A teenage girl injured in a high school shooting in America has died two days after a student opened fire in the cafeteria.
The death of 14-year-old Gia Soriano, on Sunday night, brings the number of people killed by Jaylen Fryberg at Marysville-Pilchuck High School to three.
A statement from her family said: “We are devastated by this senseless tragedy. Gia is our beautiful daughter, and words cannot express how much we will miss her.”
Her relatives are donating her organs for transplant, the hospital said.
Another girl, Zoe Galasso, 14, was killed during the shooting before Fryberg shot himself in the neck as a teacher tried to wrestle the gun off him.
The 14-year-old was described as popular and happy by teachers and his motive was unclear, despite tweets suggesting he was angry about a break-up.
He appeared to have targeted his friends and family in the attack. His cousins Nathan Hatch, 15, and Andrew Fryberg, 14, are both in hospital.
Another victim, 14-year-old Shaylee Chuckulnaskit, remains in critical condition in intensive care.
Erick Cervantes, a student who called 911 during the attack, told KIRO-TV, the shooting only stopped when a teacher, Megan Silberberger, grabbed Fryberg’s arm and he shot himself.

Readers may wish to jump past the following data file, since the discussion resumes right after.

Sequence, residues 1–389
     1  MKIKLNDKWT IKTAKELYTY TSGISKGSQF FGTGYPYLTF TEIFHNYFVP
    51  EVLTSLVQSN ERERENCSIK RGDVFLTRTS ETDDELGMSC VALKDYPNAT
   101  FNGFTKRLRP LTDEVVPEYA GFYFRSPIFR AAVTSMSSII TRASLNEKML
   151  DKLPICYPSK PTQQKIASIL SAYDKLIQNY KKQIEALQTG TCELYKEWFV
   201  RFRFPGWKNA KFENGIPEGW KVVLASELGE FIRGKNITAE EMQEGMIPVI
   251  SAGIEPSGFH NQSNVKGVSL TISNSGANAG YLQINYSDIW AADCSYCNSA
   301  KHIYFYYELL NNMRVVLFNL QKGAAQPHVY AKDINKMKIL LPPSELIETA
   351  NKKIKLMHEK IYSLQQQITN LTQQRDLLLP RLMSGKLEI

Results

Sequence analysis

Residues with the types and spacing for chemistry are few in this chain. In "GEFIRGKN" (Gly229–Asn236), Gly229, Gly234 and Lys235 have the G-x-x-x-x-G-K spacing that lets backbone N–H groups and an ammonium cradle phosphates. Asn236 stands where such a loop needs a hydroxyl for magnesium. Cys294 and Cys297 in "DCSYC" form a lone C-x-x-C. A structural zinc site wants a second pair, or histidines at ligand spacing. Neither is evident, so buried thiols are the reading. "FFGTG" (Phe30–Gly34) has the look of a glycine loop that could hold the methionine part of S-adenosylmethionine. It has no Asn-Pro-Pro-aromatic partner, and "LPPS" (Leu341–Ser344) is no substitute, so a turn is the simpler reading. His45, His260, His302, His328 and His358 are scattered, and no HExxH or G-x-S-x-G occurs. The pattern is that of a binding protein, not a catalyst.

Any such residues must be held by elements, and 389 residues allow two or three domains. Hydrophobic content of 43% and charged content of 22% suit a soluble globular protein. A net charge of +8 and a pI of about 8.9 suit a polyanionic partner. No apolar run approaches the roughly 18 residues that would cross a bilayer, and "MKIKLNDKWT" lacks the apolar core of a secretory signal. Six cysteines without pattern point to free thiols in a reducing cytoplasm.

“It started off with an argument, but then I looked back and there was just gunshots and just people falling down,” he said.
A school counsellor, Matt Remle, said no one may ever know why he started shooting, adding that they were all ”really happy, smiling kids”.
The school, north of Seattle in Washington state, remains closed this week.
A makeshift memorial has been set up on the chain link fence outside with balloons honouring the victims with flowers, cuddly toys and photographs.
Parents and students gathered in a gymnasium at the school for a community meeting on Sunday, with speakers urging support and prayers and Native American members playing drums and singing songs.
Fryberg was from a prominent Tulalip Indian family and lived on a nearby reservation.
Herman Williams Senior, chairman of the Tulalip Tribes, said the community was “reeling” and that lives would be forever changed.
“Sadly, we are now experiencing what has become a national trend, which we, as a society, must address,” he added.
“As we grieve in the wake of this tragedy, the Tulalip Tribes and the City of Marysville stand together, united in sorrow but determined to bring healing to our communities.”
He and the Mayor of Marysville, Jon Nehring, said the communities suffered together and would stand united in the crisis.
Additional reporting by APReuse content